Penned in an attic in the dead of night, in between the unprecedented multi-million-selling global success of Little River Band and an uncertain solo future, Will You Stand With Me is a powerful assertion of Glenn Shorrock's vocation as a singer-songwriter which resonates more strongly through the years.
"'I am the willing critic, I'll cut you down to size/ I'll pounce on mediocrity but I’ll cherish the surprise'. I think that's the best lyric I've written," he says today. "That was on my first solo album, Villain of the Peace, but I put it right at the end. This time I wanted to put it first. I wanted it to say what it says."
Meanwhile, of course, a dozen of Glenn's hits have morphed out of the charts and into the permanent fabric of popular song. Meanwhile, Help Is On Its Way, Emma and Seine City were his before he joined LRB, the band that took them to the world. Home On Monday, Cool Change, So Many Paths, Rock'n'Roll Soldier and Soul Searching all came later.
All are reclaimed here with the immediacy of acoustic performance, produced by Glenn, mixed by Michael Costa, performed with the key sidemen that have accompanied him on the road for the last decade – keyboard player Stewart Wilkinson and guitarist Pip Joyce – with an intimate cast of accomplices playing rhythm, violin and slide guitar.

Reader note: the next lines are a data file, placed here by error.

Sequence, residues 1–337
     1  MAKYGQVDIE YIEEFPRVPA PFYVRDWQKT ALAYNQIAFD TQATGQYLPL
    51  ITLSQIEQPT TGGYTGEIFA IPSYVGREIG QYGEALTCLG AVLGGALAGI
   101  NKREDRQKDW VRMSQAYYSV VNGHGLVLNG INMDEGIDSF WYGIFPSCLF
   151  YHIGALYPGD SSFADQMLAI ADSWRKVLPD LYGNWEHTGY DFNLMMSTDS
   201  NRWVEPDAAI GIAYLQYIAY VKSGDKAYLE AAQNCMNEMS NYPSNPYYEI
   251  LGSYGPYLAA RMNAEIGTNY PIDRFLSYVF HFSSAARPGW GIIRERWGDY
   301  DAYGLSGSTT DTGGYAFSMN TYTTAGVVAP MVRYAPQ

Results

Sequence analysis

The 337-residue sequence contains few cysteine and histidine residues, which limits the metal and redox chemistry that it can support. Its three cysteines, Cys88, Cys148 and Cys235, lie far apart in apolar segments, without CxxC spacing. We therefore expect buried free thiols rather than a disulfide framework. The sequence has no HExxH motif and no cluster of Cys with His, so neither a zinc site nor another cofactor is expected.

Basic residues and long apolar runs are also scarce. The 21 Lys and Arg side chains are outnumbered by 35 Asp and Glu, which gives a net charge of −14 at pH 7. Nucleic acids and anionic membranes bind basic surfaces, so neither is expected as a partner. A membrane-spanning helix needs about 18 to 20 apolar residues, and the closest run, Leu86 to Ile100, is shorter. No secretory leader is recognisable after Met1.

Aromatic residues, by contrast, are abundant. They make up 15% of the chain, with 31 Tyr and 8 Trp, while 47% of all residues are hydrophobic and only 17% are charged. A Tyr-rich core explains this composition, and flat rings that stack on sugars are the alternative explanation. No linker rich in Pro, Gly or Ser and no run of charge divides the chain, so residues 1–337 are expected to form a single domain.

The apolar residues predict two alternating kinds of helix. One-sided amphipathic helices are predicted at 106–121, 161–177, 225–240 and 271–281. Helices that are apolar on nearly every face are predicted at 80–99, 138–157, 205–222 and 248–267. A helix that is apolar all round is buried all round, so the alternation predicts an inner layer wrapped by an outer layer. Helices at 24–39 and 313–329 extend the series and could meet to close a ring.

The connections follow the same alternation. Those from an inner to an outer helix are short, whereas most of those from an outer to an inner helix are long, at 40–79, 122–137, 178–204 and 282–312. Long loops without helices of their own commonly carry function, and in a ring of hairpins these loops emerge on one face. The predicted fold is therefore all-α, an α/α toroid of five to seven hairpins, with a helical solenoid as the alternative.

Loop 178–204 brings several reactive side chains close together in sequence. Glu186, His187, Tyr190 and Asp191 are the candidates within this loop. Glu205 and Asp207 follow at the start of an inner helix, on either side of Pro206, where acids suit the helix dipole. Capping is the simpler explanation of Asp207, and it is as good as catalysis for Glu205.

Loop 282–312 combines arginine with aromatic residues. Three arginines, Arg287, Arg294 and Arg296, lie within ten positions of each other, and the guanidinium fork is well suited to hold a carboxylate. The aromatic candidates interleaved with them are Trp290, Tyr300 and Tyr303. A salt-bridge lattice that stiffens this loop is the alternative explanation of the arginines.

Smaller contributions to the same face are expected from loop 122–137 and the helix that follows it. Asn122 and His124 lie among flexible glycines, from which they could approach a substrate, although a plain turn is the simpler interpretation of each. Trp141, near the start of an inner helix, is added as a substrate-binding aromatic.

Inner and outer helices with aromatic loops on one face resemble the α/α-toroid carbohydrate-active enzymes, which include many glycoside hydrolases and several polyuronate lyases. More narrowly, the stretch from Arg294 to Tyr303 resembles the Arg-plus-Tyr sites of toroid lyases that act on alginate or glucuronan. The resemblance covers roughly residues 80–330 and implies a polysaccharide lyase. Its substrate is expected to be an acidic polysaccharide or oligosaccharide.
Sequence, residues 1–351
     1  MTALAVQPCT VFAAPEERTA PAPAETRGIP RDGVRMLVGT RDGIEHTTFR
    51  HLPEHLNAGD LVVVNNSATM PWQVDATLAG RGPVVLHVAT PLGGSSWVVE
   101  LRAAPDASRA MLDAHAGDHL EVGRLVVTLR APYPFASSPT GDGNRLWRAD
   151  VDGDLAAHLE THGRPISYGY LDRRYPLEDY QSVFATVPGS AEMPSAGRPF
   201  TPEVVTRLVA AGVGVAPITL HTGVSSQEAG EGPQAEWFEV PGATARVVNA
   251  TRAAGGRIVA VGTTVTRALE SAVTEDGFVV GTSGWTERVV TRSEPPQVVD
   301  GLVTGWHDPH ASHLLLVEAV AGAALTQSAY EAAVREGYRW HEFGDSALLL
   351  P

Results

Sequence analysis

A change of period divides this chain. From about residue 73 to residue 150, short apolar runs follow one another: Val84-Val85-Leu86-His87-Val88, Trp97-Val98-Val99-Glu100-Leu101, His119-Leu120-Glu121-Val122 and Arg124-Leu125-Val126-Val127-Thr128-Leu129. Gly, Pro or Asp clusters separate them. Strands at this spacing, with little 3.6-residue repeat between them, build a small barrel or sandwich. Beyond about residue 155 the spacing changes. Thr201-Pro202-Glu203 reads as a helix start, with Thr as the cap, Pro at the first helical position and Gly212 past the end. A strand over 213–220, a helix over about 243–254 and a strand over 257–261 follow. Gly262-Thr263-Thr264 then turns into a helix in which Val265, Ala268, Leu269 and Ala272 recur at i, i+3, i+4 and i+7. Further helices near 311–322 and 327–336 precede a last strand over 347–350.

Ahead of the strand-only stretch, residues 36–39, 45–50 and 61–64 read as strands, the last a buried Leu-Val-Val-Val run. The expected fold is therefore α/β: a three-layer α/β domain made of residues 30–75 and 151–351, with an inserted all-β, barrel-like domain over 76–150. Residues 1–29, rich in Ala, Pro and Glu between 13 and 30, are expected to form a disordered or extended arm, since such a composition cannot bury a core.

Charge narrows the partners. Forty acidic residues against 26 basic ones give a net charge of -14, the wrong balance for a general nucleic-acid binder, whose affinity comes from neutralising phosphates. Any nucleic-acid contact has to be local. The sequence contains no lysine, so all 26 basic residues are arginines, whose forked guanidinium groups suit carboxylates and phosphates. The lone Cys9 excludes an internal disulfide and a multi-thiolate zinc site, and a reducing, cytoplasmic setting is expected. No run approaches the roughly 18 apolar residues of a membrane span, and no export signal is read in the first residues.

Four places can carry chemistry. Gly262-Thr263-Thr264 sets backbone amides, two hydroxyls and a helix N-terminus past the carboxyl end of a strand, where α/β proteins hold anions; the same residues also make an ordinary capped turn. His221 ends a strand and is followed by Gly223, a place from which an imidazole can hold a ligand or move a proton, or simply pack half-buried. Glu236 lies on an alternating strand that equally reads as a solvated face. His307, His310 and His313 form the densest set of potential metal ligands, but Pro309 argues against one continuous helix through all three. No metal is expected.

Needle In A Haystack, one of the few here Glenn did not write, is an affectionate memento of his first band, the Twilights, who made it #1 in Melbourne in 1966. Seine City is his original acoustic demo, recorded in England when Axiom broke up in 1972.
"Unrequited Love was an old demo I did when I left LRB in '82," he says. "My wife always liked it and she said 'You should do that one'. There's a lot of those kinds of circles involved in this album and I think that's why I enjoyed it so much. It feels good. It feels right."
Other surprises include a version of Emma that's closer to the CSN-inspired demo Glenn took to LRB in '75, and a gospel piano version of his first solo hit of '79, Dream Lover. "And Reminiscing is really bare bones," he adds. "I'm interested to hear what (author) Graeham Goble makes of it."
The world, one suspects, will make of it much the same as it always has: a memory that's forever vital and always welcome. "They all still work," Glenn concludes. "That's why I keep doing 'em. It's called body of work, which I think is a mark of a performer's worth."